For the Birds Radio Program: Autumn Blues
Every year as days grow shorter and leaves change colors and start to fall, I find myself growing somber, even morose. Maybe it’s because nightfall arrives earlier and earlier each day as sunrise comes later and later. Maybe it’s because bare branches reaching up to the skies seem somehow sad supplicants, abandoned and destitute. Maybe it’s because some of my favorite songbirds are gone for the year, and most of the rich bird song that so cheers my heart is now silent, not to be heard again for six months. The quiet earth-tones of a northern forest in mid- and late-autumn turn my thoughts to Robert Frost’s words in “Reluctance:” “Ah, when to the heart of man/ Was it ever less than a treason/ To go with the drift of things, /To yield with a grace to reason, /And bow and accept the end/ Of a love or a season?” Or I think of Frost’s woods, “lovely, dark, and deep,” symbolic of endings and of death itself.
But autumn’s meaning is far richer and brighter than simply signifying a sad ending. Imagine if on the first spring days we grew obsessed with sorrow over winter’s end rather than the joy of new growth and the beauty of a new season. Autumn leaves don’t turn brown before they’ve assumed brilliant reds, oranges, and yellows. And even after they’ve fallen, those bare branches could be seen as lovely arms relieved of their heavy, leafy burdens for a season rather than desperately praying for salvation. Fallen leaves make way for new spring buds to appear in nature’s endless pattern of growth and rejuvenation. This year’s fallen leaves enrich forest soils, protecting the earth from excessive cold and keeping the soil surface moist so seeds can germinate and invertebrates can survive for their own selves and to provide food for birds.
Many summer birds do depart in autumn, but they’re replaced with new arrivals from the north. Winter birds may not do much singing, but their call notes ring out like magical hammers tapping on diamonds. Minnesotans can’t look into our backyards in May or June to see Pine Grosbeaks or redpolls, Northern Shrikes or Northern Hawk-Owls. Some birds that we do occasionally see during the breeding season, like juncos, Evening Grosbeaks and crossbills, become more abundant in winter.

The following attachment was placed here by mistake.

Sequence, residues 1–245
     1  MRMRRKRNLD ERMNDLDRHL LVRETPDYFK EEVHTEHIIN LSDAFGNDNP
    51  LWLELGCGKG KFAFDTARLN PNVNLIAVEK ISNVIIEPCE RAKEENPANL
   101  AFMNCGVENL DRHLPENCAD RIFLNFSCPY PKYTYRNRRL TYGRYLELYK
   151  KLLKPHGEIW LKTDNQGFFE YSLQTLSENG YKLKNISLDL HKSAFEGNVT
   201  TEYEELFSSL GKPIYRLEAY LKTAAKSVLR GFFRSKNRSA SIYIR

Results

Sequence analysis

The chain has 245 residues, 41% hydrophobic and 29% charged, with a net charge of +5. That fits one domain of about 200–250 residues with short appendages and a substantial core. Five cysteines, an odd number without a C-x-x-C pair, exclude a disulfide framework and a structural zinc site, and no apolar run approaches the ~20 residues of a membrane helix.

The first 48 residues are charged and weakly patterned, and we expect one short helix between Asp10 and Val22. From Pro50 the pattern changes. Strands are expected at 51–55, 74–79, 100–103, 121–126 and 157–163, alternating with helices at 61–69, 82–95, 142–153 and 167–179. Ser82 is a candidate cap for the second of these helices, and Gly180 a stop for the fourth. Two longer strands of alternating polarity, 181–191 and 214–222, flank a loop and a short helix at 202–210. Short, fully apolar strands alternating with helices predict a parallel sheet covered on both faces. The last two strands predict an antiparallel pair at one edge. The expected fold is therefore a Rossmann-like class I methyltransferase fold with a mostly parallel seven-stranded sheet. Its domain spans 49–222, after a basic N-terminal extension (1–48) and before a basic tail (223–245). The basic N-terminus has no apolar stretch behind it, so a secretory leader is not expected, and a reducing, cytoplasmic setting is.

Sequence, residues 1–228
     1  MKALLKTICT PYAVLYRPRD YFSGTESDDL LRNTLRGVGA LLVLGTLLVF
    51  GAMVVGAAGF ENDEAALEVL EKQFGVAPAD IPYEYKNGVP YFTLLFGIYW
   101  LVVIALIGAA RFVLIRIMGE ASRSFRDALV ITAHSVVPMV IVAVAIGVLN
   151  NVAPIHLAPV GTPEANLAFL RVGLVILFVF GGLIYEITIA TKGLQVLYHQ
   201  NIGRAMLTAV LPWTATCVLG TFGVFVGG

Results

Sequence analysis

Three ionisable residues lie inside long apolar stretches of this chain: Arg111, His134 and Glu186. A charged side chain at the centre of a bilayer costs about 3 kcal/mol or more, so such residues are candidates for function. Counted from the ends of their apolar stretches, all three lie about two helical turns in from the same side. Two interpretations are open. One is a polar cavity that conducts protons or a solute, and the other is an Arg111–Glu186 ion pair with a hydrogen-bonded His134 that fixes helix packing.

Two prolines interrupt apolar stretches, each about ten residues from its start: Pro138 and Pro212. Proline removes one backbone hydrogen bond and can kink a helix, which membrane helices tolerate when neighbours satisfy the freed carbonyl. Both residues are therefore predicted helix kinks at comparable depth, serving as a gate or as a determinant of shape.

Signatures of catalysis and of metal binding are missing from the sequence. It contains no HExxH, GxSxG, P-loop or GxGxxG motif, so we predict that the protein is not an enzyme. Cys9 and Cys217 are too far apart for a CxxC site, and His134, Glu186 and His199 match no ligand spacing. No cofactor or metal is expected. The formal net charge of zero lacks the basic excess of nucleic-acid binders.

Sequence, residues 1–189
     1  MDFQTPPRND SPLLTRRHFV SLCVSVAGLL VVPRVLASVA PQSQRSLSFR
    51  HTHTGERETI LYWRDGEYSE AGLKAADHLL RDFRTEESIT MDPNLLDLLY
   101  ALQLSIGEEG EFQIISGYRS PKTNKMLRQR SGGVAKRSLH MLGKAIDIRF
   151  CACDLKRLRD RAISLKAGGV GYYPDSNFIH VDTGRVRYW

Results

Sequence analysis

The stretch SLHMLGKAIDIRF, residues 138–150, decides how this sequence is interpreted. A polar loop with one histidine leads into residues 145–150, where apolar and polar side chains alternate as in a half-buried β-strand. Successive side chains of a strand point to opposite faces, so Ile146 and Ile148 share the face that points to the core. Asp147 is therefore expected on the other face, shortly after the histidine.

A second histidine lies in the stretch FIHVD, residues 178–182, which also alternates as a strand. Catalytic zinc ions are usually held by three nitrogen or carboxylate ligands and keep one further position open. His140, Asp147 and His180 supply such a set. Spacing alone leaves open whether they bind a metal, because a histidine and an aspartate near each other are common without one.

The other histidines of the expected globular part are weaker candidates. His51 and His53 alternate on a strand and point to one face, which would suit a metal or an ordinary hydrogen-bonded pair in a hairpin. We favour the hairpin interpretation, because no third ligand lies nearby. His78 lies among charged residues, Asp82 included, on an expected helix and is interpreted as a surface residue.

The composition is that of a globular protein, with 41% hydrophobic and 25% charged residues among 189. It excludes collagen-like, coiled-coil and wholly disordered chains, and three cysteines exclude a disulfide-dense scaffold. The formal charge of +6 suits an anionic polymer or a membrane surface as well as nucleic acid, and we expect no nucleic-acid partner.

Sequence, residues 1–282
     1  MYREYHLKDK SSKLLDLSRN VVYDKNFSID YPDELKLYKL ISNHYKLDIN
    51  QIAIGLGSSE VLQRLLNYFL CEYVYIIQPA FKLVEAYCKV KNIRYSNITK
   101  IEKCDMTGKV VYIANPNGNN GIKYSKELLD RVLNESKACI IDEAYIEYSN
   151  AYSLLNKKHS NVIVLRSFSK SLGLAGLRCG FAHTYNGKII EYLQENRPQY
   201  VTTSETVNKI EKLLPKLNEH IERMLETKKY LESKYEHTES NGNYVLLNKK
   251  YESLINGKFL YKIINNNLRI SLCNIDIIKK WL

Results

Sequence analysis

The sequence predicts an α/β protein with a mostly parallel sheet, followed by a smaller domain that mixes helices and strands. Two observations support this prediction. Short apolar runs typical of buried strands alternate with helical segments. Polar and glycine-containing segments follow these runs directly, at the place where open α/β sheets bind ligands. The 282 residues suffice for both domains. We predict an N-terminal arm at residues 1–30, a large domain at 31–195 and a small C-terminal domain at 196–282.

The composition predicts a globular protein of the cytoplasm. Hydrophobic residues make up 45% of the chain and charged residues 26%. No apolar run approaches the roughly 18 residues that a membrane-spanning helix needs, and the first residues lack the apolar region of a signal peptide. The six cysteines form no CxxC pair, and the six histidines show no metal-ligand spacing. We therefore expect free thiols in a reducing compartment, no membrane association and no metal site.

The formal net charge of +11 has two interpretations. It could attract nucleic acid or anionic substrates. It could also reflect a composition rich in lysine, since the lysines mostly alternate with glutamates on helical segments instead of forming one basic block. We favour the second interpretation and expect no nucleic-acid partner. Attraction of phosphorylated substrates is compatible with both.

And some birds are with us no matter what the season. Pileated Woodpeckers are just as common in winter and easier to see without foliage blocking our view. Ruffed Grouse and Sharp-tailed Grouse grow funny little outgrowths on their toes which serve as grippers on icy branches, enabling these birds to spend many winter daylight hours sitting high in bare trees feeding on aspen buds where we can watch them at leisure. Once cardinals extend their range into a new area, they don’t care about the season, and their red plumage stands out against white snow much more dramatically and beautifully than it does against anything else.
And of course chickadees are with us no matter what the season. We don’t understand their language quite enough to discern what their real opinion of winter is. For all we know, some of those sweet-sounding dee-dee-dees could be obscene mutterings about the weather or morose, poetical musings about death. But whatever they think about in fall and winter, just seeing chickadees elevates our mood. Every winter I hear from deer hunters, cross-country skiers, parents who pull their toddlers in sleds, and shut-ins, all with happy stories about chickadees. And that’s fitting. These gray, black, and white birds are the colors of winter, and their eyes sparkle like new-fallen snow. Their tiny size belies their inner strength and heat, keeping them alive when the temperature plummets to 60 below zero. On those long walks in the autumnal woods, our dark moods can be broken with even a passing glance at these sprites, sparkling with life and warmth and the absolute certainty that tomorrow is another day.